Scared Of Technology Essay Research Paper The

Scared Of Technology Essay, Research Paper

The supermarket was going to be a doomsday dungeon this Sunday afternoon for

James Faruggulo, but he knew he had to go. He had given the housekeeper a week off

to lie around in the warm tropical waters off of Jamaica. She did the laundry, cooking,

cleaning and of course, she always fetched the groceries. Even the perfect layer of

atmosphere which lay upon the earth that day could not keep his mind from

wandering. Bright blues could be seen through the sky, bright yellows bouncing from

his windshield by the sun.

If only people saw things the same way James did. He had read about the radiation

risks in the July issue of the Times Magazine. Microwave ovens with faulty doors, x-

ray machines constructed before the 1980s, and computer monitors were all capable

of giving off as much radiation as a small-scale nuclear weapon throughout one’s

lifetime. Even the radar scanner in your local grocers checkout lane could rearrange

your molecules in ways God never intended. James believed that most people knew

this. Either they didn’t believe it or they just didn’t care.

As he passed through the automated doors, he gave the electronic sensors a careful

glance, wondering if they, too, gave off unwanted x-rays. James never did his own

shopping and had yet to actually leave the store with a product, but this time was

different. This time James had to face the demon.

The inside of the supermarket was gigantic. Flickering, fluorescent light splashed the

floor from its halogen fixtures nested in the metal beams and rafters of the ceiling. A

place full of radioactive x-rays. He moved quickly through the aisles, stepping around

displays with the quickness of a halfback, dodging carts like a pinball. After he

gathered his groceries, he went straight to checkout number six. That was the longest

line, with four people ahead of him.

The rarity of grocery shopping had caused an awkward situation for both James and

the demon. One time he had tried to get the checker to ring up everything by hand, but

she had only given him a blank stare. She had asked why, as if she didn’t know.

Another time he only bought things, which didn?t have a barcode. The cashier, who

barely looked fifteen, looked at him, then manually type in the prices.

The line now shortened by two.

Another time, James scribbled out every barcode number with a black permanent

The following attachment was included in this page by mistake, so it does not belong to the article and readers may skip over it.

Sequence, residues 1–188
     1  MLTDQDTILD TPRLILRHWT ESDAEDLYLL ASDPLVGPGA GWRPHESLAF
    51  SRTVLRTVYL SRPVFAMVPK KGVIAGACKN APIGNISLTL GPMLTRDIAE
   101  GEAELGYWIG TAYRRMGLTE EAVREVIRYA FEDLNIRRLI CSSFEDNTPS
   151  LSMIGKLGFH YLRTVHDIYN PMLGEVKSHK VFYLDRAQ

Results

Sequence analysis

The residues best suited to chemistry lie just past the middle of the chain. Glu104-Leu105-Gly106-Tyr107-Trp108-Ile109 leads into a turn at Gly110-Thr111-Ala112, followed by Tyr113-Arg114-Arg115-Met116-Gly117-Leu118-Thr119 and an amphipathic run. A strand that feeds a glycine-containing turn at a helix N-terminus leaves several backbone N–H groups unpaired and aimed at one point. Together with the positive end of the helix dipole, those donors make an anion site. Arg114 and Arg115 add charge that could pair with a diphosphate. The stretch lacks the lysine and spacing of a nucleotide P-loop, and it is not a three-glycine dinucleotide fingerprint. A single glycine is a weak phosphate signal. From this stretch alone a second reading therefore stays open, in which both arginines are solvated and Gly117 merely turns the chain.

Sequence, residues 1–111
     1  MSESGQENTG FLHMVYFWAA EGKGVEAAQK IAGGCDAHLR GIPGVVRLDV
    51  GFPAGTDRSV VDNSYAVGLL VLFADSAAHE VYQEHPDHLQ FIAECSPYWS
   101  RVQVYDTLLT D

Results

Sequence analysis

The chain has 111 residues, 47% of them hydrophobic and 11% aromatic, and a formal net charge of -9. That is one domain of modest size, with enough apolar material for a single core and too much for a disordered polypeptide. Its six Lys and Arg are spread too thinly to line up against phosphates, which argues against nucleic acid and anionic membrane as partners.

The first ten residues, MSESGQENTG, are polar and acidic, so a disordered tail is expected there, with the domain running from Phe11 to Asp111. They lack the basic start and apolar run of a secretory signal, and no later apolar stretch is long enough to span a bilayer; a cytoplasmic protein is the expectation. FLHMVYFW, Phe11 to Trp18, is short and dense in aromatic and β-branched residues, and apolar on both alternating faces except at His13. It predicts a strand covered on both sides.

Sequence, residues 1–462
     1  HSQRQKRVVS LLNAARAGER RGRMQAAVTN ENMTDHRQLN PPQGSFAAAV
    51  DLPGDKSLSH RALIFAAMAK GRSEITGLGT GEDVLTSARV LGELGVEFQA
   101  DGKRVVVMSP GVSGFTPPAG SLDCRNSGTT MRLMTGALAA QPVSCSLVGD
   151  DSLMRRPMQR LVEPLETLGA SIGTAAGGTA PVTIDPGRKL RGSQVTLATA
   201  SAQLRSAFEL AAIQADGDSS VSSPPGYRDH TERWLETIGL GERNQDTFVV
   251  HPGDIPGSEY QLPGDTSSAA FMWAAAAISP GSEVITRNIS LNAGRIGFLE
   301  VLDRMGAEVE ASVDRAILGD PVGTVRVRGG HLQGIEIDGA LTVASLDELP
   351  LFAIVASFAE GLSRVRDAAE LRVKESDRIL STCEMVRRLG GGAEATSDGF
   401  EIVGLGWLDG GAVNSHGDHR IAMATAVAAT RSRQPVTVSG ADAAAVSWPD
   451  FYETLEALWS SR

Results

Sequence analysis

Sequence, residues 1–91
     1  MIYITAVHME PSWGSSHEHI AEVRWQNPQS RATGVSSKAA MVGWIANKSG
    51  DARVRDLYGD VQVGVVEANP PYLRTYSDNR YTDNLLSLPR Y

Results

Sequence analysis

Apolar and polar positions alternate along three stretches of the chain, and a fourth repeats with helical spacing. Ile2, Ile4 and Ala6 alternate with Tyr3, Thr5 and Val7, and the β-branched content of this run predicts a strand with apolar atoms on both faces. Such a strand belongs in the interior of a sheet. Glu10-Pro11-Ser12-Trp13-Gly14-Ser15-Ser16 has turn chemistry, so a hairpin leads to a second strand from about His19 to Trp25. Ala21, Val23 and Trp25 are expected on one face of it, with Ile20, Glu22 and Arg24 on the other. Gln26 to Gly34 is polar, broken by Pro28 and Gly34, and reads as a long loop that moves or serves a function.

marker before bringing the groceries to the checkout lane. He was thrown out of the

store for tampering with the goods.

The remaining customer was a short, lady purchasing six bags of cheese puffs. She

finally claimed her groceries from the ?bagger? and moved out of the checkout lane.

The radiation seemed not to effect her. Maybe it was all in his head. Could it be that

James was wrong?

Radiation or not, James took a deep breath and pushed his trolley forward.

“Good morning,” the checkout chic said. She didn’t mean it. “Paper or plutonium,


“What!” James answered with a shocking stare. Perhaps they did know all along, and

now it leaked from their mouths.

“Paper or plastic?” she repeated impatiently.

“Oh, …ahh paper, I guess.”

Everything moved in slow motion from that point on. James watched her hand grasp

the box of Kraft cheese and macaroni. It drifted towards the ?glass-plated abyss?,

barcode face down.

As the box moved over the scanner, the world suddenly exploded in a blast of red

light. Everyone around him now wore melting masks of flesh. They dropped to their

knees and clutched their chests. The scanner gave the sound of an air raid siren. Then

everything came back into focus like a slingshot.

The red light disappeared. The sirens becalmed inaudible. People around him were

now wearing their Sunday Shopping faces instead of melting masks. Everything was


James was indeed mistaken. He had faced the demo. With the visions of radiation

treatment centers and chemotherapy sessions erased from his mind, he grabbed his

bags and walked through the automated doors. He didn’t even give them a second

look this time. The day was still terrific, but was it this quiet before? As he jumped in

his car, he briefly felt as though something might be wrong, maybe something in the

air. He couldn’t put his finger on it.

He sped out of the parking lot and turned on to Warringah Road heading towards

Beacon Hill. Large trees lined both sides of the street in long rows. The vegetation

didn?t seem to attract any animals today. As James came into a clearing, he looked at

the cloudy sky covering the thousands of roofs of the suburb. And that’s when he saw

it, faint in the distance, almost a mirage. It was simple, logical, and it was horrifying.

James pulled over to the side of the road and turned the car off. He took a deep breath

and watched the billowing mushroom cloud part the sky.


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